A tragic event occurred on Apr. 5, which was recorded as the most devastating mining accident since 1970. Families mourned over the loss of their children and churchgoers honored the death of the 29 miners that were unfortunately caught in the accident. The explosion was an astounding 12,000 feet in length. Massey Energy Co., the corporation who owned the coal mine, is still working to get out miners; the list of the deaths are not yet official as sadly, more deceased miners are still being discovered in the ruins of the mine.

    West Virginia Governor Joe Manchin said, “None of our miners suffered, this journey has ended and now the healing will start.” In an optimistic point of view, "the only thing good that can come out of this is to educate everyone and put regulations in place if needed to make sure this doesn’t happen again” said Kevin Stricklin, Administrator of the Mine Safety and Health Administration.

    People do not know exactly how the explosion occurred. President Barack Obama has ordered federal investigators to conduct an inspection as to what might have caused it. Four years ago, a same kind of mine accident occurred, a very short time gap for cases like this. Authorities suggested that high levels of explosive methane gas could have played a role in the disaster. Massey has also been repeatedly cited and fined for malfunctions with the system, that vents methane and for allowing combustible dust to accumulate.

    Churches have been busy with assuaging the deceased miners' families, constantly consoling them, and sympathizing with them. It seems occasions like these are not out of the ordinary since a mine disaster took place just four years previous. Catholic Bishop Michael J. Bransfield said, "Can those entrusted with the protection of miners be trusted to fulfill the jobs and enforce the laws? Is our technology in the U.S. mines in 2010 equal to the technology that is easily available in other industries? Is it safer to travel in space than to work in a West Virginia mine?"

    This tragedy has stirred up the whole region of West Virginia; a region where many people are in the mining occupation or know people who do. Apparently, the mining business has a stable profit income and earns most than other jobs in the area. Catastrophes like this have people all around America questioning, "Why do they do it? Why do they go into the mines and put their selves in danger?"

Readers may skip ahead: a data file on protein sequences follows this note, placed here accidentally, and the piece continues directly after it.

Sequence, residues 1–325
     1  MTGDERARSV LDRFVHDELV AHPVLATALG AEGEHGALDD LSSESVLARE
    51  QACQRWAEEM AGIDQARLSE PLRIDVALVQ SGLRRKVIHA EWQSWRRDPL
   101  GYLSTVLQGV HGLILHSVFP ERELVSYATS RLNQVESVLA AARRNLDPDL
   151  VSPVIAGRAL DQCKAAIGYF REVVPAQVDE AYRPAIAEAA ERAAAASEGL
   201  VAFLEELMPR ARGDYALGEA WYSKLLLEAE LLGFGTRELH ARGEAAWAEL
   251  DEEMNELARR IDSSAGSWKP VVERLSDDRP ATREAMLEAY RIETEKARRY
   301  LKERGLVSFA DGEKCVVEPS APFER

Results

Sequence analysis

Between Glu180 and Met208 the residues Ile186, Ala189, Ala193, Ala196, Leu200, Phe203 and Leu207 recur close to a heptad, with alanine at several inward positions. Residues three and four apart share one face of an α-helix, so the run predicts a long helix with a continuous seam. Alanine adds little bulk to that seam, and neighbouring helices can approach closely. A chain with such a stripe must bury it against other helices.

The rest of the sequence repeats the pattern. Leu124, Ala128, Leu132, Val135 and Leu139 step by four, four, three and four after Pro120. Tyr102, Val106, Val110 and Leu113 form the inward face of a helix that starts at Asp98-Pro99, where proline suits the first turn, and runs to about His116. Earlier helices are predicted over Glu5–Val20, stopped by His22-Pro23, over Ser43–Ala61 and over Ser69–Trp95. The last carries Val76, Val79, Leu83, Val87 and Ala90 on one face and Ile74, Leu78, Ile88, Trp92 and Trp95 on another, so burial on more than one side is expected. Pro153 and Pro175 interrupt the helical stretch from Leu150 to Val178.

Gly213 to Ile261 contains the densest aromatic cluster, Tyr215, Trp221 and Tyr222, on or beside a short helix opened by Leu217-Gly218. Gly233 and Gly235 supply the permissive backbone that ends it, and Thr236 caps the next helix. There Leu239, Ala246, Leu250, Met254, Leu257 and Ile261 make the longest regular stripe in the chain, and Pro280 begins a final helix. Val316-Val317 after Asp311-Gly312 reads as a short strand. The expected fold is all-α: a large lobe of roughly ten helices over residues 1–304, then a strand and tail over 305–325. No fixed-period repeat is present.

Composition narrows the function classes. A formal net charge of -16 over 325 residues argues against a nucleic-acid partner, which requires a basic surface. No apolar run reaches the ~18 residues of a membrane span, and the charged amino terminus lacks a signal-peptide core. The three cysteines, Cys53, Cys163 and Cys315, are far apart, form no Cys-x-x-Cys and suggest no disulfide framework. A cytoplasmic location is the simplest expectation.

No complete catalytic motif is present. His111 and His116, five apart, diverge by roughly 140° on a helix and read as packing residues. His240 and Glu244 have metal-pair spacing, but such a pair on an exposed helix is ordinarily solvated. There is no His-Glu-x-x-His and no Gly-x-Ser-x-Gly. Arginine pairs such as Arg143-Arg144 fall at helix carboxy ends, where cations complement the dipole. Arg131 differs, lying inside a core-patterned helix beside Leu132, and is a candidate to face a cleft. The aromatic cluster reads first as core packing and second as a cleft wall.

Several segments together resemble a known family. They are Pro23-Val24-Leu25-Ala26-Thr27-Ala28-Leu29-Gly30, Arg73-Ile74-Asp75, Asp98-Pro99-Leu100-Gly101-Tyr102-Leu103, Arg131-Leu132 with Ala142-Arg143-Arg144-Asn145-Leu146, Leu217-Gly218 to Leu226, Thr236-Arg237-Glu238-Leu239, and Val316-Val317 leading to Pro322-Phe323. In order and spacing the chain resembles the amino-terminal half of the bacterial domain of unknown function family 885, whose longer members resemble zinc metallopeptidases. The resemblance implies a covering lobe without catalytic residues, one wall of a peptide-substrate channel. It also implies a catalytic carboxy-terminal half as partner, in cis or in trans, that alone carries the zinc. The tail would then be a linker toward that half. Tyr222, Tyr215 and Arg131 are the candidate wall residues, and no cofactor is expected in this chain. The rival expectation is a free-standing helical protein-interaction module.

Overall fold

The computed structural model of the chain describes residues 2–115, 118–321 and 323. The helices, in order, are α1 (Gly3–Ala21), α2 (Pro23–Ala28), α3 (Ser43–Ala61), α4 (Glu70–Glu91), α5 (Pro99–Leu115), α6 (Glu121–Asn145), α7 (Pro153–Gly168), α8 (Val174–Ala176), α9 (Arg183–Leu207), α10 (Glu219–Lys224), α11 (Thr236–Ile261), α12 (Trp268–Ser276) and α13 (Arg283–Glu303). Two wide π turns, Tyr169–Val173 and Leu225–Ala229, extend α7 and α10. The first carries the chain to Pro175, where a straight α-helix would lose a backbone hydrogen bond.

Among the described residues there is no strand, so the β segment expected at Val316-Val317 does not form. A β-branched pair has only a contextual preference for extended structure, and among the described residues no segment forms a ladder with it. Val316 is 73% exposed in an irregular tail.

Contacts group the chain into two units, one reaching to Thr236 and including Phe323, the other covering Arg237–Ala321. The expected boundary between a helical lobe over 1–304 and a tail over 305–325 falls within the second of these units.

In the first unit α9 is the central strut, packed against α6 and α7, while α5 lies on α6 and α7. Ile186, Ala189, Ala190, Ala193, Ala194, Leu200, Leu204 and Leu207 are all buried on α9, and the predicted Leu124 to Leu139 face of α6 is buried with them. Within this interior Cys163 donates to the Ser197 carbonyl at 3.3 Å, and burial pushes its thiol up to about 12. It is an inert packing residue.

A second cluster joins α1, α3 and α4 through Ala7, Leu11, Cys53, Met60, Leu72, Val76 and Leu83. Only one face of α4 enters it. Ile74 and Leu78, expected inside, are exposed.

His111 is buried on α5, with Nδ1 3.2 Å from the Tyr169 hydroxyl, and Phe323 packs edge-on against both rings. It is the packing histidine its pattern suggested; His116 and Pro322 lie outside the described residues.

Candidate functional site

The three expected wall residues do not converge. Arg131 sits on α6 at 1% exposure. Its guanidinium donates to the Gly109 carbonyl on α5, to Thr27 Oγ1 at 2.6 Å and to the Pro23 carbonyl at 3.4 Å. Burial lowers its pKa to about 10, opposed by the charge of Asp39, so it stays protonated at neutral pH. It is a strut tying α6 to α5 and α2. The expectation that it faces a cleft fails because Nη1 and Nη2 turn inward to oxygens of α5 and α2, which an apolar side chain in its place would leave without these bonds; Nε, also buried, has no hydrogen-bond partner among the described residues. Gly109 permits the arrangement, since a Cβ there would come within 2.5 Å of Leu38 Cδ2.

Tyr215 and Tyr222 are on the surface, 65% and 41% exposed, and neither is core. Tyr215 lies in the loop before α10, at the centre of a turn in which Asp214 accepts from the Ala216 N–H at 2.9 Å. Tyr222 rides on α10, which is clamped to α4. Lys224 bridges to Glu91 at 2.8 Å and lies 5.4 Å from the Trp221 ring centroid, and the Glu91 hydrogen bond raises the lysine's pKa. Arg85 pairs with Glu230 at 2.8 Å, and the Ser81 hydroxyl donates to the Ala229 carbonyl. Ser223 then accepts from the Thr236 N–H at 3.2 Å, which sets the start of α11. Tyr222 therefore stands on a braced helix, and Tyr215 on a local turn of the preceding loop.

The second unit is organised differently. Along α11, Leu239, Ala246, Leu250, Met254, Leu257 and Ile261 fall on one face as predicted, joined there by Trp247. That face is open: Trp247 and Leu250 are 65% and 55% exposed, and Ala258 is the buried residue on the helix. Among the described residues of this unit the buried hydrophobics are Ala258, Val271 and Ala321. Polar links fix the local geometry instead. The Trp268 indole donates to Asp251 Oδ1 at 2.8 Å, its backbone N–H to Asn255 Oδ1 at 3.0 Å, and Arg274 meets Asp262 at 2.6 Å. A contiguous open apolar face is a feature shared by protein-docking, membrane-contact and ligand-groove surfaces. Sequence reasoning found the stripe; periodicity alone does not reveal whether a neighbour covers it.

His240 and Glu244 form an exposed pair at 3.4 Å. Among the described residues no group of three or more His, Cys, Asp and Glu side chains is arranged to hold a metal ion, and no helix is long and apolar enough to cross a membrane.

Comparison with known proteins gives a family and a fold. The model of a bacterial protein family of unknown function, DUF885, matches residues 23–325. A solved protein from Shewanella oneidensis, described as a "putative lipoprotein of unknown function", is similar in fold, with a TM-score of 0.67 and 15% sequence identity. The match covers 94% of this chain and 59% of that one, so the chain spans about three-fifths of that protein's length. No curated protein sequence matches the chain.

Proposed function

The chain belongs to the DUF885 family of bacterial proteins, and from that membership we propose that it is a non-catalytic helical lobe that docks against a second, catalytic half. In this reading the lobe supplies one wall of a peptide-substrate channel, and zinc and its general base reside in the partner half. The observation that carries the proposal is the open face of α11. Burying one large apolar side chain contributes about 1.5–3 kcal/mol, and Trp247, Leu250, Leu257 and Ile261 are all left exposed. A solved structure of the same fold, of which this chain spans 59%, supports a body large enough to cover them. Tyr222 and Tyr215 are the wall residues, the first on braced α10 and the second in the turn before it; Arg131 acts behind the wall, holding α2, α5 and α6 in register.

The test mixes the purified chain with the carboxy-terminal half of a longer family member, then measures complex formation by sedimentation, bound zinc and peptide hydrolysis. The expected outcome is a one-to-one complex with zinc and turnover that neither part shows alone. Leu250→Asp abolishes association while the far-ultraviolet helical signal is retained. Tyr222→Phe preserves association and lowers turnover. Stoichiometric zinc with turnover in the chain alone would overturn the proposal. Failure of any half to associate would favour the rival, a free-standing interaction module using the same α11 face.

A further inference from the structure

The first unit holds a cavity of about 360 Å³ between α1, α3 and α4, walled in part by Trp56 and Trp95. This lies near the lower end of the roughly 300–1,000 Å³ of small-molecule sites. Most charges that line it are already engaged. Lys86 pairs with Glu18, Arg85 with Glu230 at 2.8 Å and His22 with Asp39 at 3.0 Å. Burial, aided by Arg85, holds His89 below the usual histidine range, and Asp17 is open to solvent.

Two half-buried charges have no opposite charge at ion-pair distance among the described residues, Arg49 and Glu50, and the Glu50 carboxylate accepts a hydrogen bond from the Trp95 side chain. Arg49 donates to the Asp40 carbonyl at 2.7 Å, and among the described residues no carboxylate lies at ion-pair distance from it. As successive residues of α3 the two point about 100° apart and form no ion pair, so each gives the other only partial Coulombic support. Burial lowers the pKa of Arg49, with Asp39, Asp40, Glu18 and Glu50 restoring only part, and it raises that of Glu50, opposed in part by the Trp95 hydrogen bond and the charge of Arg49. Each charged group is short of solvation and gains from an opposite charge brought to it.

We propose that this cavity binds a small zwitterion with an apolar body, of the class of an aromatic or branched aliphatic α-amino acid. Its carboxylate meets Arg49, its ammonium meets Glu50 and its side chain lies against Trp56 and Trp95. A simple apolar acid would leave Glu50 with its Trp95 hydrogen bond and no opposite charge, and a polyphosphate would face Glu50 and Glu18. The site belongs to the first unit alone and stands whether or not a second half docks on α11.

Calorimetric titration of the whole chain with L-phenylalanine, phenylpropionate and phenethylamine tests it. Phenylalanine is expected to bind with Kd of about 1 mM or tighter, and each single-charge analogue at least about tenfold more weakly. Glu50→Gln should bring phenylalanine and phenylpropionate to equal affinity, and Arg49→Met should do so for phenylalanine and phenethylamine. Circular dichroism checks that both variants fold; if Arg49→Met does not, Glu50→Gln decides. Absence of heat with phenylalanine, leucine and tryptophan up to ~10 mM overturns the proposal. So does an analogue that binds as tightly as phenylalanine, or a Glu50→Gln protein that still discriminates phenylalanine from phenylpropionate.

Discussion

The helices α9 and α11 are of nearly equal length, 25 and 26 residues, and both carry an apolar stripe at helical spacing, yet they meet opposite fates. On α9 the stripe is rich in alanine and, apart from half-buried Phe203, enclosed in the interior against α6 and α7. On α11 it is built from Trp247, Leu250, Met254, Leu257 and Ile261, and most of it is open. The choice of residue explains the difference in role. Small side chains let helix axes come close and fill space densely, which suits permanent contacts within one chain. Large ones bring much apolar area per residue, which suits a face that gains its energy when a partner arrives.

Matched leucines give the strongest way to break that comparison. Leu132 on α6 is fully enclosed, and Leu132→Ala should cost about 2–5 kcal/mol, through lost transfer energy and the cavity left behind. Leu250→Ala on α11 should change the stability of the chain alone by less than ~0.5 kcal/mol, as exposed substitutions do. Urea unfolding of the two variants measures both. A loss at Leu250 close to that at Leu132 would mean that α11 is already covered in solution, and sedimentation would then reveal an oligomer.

What if the city of Arcadia, California was a major location for coal mining, or just mining in general? Freshmen Allen Miao said, “I would be very concerned if Arcadia were a mining city for two reasons. One, the exhaust and chemicals given off by mining industries are very [pernicious] and could risk the well-being of thousands of citizens. Secondly, the dangers of the mining industry are far too extreme and tragic, and lives should not be risked for the selfish desires of mining companies.” Tragedies where people perish from being stuck in mines slowly running out of oxygen while inhaling dangerous chemicals, or even being blasted by an explosion in places that are confined, just isn't normal. Nevertheless, if our economy is to continue, then mining must also continue. Hopefully, Massey and the Mine Safety and Health Administration will provide safer facilities so calamities like this do not occur in a regular basis.

    http://news.yahoo.com/s/ap/20100411/ap_on_re_us/us_mine_explosion;_ylt=AkEFLWhhWhLb_stKy6mwBHWs0NUE;_ylu=X3oDMTFlM29xZmF2BHBvcwM2NgRzZWMDYWNjb3JkaW9uX3Vfc19uZXdzBHNsawNjaHVyY2hnb2Vyc2g-
    http://www.businessweek.com/news/2010-04-10/west-virginia-mine-death-toll-at-29-worst-since-1970-update1-.html

    Catastrophic Mining Calamity
    Explosion that Rocked W Virginia